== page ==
Some 20,000 Malian refugees who have fled to western Niger to escape jihadist attacks are to be relocated because of security threats, local officials told AFP on Friday.
“The refugee site in Intikane will be closed for security reasons,” said an official in the governor’s office for Tahoua region, which has administrative responsibility for the Intikane region, located just 50 kilometres (30 miles) from the border.
The Tahoua authorities and representatives for the UN’s refugee agency, the UNHCR, met on Thursday to discuss the move, he said.
The refugees will be relocated to Akadany in the north of the neighbouring region of Maradi, which so far has escaped jihadist attacks, an elected official said in Tillia, who did not gave the date of the transfer.
“All activities at Intikane, including food distribution, have already been suspended,” a local official said in Tillia.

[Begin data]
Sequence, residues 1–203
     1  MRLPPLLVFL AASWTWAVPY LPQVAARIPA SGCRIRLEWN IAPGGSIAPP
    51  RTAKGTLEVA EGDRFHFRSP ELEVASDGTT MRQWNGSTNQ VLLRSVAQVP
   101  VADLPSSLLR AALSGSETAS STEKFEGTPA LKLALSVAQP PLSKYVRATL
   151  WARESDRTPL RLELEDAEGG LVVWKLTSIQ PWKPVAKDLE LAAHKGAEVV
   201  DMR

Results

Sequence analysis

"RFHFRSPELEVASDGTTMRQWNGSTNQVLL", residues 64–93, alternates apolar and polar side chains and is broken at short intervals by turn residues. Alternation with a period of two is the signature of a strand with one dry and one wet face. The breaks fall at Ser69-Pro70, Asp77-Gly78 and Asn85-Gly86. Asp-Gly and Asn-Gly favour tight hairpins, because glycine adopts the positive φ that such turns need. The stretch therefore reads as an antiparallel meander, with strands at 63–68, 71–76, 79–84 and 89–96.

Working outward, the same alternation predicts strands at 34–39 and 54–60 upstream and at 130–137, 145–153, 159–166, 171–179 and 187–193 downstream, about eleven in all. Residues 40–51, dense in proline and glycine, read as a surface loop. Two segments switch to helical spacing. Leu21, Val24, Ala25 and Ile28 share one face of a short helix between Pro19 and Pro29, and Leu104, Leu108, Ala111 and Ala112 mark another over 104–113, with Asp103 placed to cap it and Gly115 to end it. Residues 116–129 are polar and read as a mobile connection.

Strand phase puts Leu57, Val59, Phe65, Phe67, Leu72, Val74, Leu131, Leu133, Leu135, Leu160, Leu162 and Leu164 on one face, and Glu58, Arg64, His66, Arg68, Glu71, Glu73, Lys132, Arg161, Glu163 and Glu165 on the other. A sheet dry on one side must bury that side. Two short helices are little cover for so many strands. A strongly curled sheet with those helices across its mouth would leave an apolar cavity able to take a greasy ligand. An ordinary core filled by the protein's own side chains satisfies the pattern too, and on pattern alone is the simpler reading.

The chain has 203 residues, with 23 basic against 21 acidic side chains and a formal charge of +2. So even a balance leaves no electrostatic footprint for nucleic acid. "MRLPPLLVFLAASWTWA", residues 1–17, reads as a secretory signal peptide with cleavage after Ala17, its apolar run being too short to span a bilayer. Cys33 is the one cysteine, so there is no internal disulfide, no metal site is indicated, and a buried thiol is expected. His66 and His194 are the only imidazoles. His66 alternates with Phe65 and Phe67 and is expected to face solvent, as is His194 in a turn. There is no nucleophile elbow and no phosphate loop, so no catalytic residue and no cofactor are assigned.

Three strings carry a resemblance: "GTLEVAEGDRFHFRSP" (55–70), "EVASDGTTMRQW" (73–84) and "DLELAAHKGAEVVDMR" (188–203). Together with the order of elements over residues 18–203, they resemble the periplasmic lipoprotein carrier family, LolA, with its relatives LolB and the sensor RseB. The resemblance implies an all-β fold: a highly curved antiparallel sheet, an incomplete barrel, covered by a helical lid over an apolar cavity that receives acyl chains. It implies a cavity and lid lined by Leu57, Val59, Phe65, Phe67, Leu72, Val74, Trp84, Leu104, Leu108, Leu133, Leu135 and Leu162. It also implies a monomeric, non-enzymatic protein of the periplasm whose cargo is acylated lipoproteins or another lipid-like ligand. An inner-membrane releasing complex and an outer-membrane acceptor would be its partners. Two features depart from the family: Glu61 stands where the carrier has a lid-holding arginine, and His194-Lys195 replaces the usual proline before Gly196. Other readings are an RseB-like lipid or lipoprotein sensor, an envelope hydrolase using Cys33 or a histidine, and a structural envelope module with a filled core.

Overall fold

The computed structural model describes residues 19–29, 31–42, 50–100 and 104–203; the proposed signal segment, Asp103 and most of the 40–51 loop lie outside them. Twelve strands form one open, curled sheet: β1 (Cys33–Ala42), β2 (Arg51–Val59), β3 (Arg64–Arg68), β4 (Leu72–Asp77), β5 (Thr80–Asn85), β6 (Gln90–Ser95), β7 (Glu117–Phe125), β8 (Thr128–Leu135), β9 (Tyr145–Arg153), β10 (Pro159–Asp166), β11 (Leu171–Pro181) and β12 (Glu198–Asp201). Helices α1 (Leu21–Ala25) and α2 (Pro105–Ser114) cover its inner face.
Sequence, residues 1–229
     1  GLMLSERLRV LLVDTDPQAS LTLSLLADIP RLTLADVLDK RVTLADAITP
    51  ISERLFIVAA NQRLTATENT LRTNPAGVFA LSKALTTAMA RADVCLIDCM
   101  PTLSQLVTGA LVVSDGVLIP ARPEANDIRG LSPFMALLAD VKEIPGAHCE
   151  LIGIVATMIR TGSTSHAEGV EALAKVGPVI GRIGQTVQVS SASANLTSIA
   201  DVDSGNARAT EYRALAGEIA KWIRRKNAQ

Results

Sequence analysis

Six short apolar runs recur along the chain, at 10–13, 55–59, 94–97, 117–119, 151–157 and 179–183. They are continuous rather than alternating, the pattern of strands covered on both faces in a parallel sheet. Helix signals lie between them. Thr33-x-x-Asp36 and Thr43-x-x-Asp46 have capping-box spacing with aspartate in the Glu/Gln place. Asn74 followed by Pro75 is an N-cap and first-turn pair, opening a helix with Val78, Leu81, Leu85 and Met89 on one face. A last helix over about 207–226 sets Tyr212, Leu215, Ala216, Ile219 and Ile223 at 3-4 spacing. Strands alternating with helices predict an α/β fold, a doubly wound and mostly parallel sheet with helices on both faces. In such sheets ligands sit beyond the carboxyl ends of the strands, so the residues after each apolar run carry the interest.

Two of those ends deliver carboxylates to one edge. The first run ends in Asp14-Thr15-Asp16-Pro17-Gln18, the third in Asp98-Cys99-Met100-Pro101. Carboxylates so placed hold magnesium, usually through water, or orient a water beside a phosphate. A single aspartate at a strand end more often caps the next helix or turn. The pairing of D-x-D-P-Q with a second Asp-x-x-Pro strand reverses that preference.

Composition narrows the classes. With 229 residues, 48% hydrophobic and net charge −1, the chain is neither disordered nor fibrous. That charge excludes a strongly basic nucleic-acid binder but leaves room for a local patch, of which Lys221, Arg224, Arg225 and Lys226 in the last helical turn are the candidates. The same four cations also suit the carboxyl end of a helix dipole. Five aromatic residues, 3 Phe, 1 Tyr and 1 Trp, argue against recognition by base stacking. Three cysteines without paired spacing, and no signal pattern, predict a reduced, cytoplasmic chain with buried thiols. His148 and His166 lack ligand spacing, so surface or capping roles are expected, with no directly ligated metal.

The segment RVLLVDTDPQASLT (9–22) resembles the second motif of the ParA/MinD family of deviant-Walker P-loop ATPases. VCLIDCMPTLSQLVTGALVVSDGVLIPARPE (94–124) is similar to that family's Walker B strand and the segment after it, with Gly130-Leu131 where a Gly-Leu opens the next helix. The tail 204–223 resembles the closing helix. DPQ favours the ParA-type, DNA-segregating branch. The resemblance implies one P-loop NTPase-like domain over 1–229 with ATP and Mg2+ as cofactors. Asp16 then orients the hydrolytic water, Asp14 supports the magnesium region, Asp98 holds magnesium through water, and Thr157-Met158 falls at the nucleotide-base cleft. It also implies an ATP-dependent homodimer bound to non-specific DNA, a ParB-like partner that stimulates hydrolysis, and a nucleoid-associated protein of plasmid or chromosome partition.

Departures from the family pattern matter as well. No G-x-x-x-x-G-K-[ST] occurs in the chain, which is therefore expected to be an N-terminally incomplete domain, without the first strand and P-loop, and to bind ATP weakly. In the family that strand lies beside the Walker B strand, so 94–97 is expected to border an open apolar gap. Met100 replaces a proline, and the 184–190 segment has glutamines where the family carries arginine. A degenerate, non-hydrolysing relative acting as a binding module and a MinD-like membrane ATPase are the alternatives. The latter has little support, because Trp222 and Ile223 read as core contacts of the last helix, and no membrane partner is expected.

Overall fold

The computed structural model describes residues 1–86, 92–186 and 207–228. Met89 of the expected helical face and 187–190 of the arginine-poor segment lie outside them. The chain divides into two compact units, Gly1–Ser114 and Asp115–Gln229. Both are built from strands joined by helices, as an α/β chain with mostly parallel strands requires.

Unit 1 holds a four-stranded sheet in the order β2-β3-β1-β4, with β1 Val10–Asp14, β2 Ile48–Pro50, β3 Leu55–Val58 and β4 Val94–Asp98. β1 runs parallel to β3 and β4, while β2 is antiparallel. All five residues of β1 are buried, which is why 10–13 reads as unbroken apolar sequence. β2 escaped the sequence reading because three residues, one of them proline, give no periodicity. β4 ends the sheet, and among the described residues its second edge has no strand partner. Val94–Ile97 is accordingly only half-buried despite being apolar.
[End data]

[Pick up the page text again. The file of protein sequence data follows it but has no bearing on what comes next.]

The vast camp stretches out over a radius of 15 kilometres (nine miles), gathering Malian refugees, around 7,000 local inhabitants and thousands of Nigeriens who have also been displaced by jihadist violence, according to official figures.
In May 2020, a jihadist attack on the site killed at least three civilians, two of them refugees. The UNHCR said the assailants looted food stores and destroyed a system providing potable water to the camp and the local population.
In March this year, 141 people were killed by suspected jihadists in an attack on nearby settlements.
Niger, which by the yardstick of the UN’s Human Development Index is the poorest country in the world, houses nearly 60,000 people who fled after the jihadist insurgency erupted in Mali in 2012.
The country is also hosting people who have sought shelter from attacks by jihadists in northeastern Nigeria. Niger’s southeastern border region of Diffa is home to 300,000 refugees and internally displaced.